Source: Form 1041, Line 4 (2009 revision)
Charitable distributions deduction
Charitable distributions deductions are any part of the estate or trust that is paid for a charitable purpose.
Acceptable charitable purposes are specified in section 170(c) of the Internal Revenue Code. It is not necessary that the charitable organization be created or organized in the United States.
Source: Form 1041, Line 13 (2009 revision)
A complex trust is any trust that either retains income, makes charitable distributions, or distributes amounts from corpus.
The corpus of a trust consists of the original assets transferred into the trust. Often referred to as the body of the trust, the corpus may generate income streams.
A decedent’s estate is created at the time of death and contains all of the decedent’s property at the time of death until they are allocated to creditors and beneficiaries.
The decedent’s will generally acts as the fiduciary instrument that assigns an executor and determines beneficiaries. The estate typically exists for a short time because the sole purpose of the estate is to allocate all of the assets. Once the executor of a decedent’s estate resolves all debts, including taxes owed, and distributes any remaining assets to designated beneficiaries, the estate is terminated.
Distributable net income (DNI)
Distributable net income (DNI) is the income available for distribution from a decedent’s estate or trust.
Distributable net income (DNI) acts as a limit to the deduction that fiduciaries can take for amounts distributed to beneficiaries. DNI is determined on Schedule B of Form 1041 and is calculated by modifying the value of taxable income of the estate or trust. Generally, this modification includes adding the values of the distribution deduction, fiduciary income tax exemption, and tax-exempt interest and subtracting net capital gains.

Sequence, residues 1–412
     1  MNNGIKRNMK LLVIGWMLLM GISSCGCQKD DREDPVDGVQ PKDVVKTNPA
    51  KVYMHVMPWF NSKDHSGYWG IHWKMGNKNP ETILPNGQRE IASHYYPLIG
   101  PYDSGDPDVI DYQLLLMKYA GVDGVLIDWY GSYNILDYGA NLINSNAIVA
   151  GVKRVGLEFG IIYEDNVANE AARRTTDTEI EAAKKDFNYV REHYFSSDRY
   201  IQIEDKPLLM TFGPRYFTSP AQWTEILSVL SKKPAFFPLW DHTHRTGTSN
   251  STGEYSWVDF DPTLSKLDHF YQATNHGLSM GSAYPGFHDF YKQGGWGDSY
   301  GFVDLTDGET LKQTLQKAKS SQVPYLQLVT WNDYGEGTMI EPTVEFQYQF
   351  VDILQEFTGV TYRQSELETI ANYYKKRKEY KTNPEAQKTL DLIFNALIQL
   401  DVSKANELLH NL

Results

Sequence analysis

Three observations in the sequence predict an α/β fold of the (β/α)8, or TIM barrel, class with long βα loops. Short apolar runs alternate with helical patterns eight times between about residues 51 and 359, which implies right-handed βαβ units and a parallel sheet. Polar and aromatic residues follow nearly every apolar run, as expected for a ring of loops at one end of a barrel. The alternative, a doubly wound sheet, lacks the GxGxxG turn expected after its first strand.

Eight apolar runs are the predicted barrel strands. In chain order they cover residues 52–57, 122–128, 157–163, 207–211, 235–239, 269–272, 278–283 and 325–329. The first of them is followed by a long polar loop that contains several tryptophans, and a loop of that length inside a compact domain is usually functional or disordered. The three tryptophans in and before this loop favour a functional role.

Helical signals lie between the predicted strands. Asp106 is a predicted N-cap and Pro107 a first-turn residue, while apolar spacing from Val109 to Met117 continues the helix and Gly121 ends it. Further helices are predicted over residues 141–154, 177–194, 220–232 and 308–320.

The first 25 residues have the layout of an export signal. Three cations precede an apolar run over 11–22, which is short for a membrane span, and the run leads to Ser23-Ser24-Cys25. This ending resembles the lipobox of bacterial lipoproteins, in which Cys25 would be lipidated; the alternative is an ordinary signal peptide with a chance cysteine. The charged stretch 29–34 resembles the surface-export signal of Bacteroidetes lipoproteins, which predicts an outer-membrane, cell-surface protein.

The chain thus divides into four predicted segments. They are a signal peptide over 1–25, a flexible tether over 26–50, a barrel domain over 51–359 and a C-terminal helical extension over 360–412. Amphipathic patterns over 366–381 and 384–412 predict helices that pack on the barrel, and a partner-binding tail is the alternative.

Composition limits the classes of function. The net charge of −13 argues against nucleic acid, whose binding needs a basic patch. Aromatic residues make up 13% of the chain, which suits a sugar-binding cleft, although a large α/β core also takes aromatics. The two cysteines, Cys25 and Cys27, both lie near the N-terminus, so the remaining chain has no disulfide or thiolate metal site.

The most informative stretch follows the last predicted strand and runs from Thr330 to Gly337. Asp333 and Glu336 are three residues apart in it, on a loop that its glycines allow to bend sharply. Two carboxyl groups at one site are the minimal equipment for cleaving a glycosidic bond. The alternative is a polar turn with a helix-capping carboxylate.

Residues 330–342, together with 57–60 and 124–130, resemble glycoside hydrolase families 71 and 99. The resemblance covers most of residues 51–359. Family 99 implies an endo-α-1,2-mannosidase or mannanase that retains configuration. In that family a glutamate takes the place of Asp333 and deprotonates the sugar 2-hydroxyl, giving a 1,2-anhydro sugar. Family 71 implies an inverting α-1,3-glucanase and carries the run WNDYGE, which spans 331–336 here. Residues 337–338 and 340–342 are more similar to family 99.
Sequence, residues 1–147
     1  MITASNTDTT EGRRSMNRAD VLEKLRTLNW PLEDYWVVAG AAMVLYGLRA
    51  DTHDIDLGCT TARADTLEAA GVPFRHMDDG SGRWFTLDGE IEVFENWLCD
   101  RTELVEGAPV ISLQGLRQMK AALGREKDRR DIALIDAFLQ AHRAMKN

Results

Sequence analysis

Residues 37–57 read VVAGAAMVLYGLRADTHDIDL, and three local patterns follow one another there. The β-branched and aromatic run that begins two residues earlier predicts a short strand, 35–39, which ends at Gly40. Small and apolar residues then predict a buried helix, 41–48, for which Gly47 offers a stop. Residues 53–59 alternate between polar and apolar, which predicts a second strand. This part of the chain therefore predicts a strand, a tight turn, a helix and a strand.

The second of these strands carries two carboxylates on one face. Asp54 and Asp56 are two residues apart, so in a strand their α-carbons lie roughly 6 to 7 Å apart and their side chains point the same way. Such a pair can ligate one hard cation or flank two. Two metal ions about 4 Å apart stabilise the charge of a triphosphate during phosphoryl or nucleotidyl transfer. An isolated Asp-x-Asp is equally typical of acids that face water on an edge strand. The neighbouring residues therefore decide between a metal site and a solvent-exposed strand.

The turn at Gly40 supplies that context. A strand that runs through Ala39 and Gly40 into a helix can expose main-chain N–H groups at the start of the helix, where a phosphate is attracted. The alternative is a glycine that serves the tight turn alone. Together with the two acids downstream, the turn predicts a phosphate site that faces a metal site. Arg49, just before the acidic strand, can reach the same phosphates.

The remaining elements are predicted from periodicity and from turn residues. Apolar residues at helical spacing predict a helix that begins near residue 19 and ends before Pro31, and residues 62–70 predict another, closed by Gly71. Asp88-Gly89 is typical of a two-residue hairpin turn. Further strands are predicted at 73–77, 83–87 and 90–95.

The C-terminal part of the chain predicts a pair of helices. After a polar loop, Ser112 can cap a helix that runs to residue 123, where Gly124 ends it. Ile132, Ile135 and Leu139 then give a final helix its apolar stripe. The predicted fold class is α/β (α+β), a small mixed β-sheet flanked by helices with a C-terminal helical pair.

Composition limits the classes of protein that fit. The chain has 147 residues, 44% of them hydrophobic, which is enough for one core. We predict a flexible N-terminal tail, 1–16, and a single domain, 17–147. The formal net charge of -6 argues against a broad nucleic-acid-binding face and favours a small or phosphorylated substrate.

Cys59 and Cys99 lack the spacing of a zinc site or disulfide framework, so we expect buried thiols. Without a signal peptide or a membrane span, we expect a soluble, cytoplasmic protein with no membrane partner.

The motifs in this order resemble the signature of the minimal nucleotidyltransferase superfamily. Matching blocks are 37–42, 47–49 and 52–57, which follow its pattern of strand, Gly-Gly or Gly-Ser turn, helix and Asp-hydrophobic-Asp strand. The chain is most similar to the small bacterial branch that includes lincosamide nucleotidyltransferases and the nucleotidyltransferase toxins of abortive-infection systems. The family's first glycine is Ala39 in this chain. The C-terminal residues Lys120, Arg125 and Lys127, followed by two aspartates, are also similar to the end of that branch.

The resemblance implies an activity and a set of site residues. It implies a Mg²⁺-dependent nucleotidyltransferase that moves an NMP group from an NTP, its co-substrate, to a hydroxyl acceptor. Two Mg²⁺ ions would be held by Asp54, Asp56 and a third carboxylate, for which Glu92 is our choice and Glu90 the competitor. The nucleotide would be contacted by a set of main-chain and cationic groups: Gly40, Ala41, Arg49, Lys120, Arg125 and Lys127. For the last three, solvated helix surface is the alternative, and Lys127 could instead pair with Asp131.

Source: Form 1041, Schedule B, Line 7 (2009 revision)
Electing Small Business Trust (ESBT)
An electing small business trust (ESBT) is a trust in which beneficiaries are considered shareholders of a subchapter S corporation.
Special rules apply when figuring the tax on the S portion of an ESBT. The S portion of an ESBT is the portion of the trust that consists of stock in one or more S corporations and is not treated as a grantor type trust. The tax on the S portion is entered to the left of Form 1041, Schedule G, line 7 and is included in the total tax on Schedule G, line 7.
Estate tax deduction
The estate tax deduction is equal to the value of tax paid for estate or trust income that was previously included in a decedent’s income.
The estate tax deduction is equal to the value of tax paid on the Form 706, Federal Estate Tax Return, for estate or trust income that was previously included in a decedent’s gross income.
Source: Form 1041, Schedule B, Line 19 (2009 revision)
Estimated and applied payments
Estimated payments are estimated tax payment made with Form 1041-ES, Estimated Income Tax for Estates and Trusts. Applied payments are overpayment made on previous Forms 1041 that is applied to this year’s tax.
Estimated and applied payments are the amount of any estimated tax payment made with Form 1041-ES plus the amount of any overpayment made from the previous year’s Form 1041 return that was applied to the current year’s estimated tax.
Source: Form 1041, Line 24a (2009 revision)
Estimated tax payments allocated to beneficiaries
Estimated tax payments allocated to beneficiaries are any portion of the estimated tax treated as a payment of estimated tax made by beneficiaries.
The trustee (or executor, for the final year of the estate) may elect under section 643(g) of the Internal Revenue Code to have any portion of its estimated tax treated as a payment of estimated tax made by a beneficiary or beneficiaries. This election is made on Form 1041-T, Allocation of Estimated Tax Payments to Beneficiaries.
Source: Form 1041, Line 24b (2009 revision)
Estimated tax penalty
The estimated tax penalty is the result of underpayment of estimated tax liability.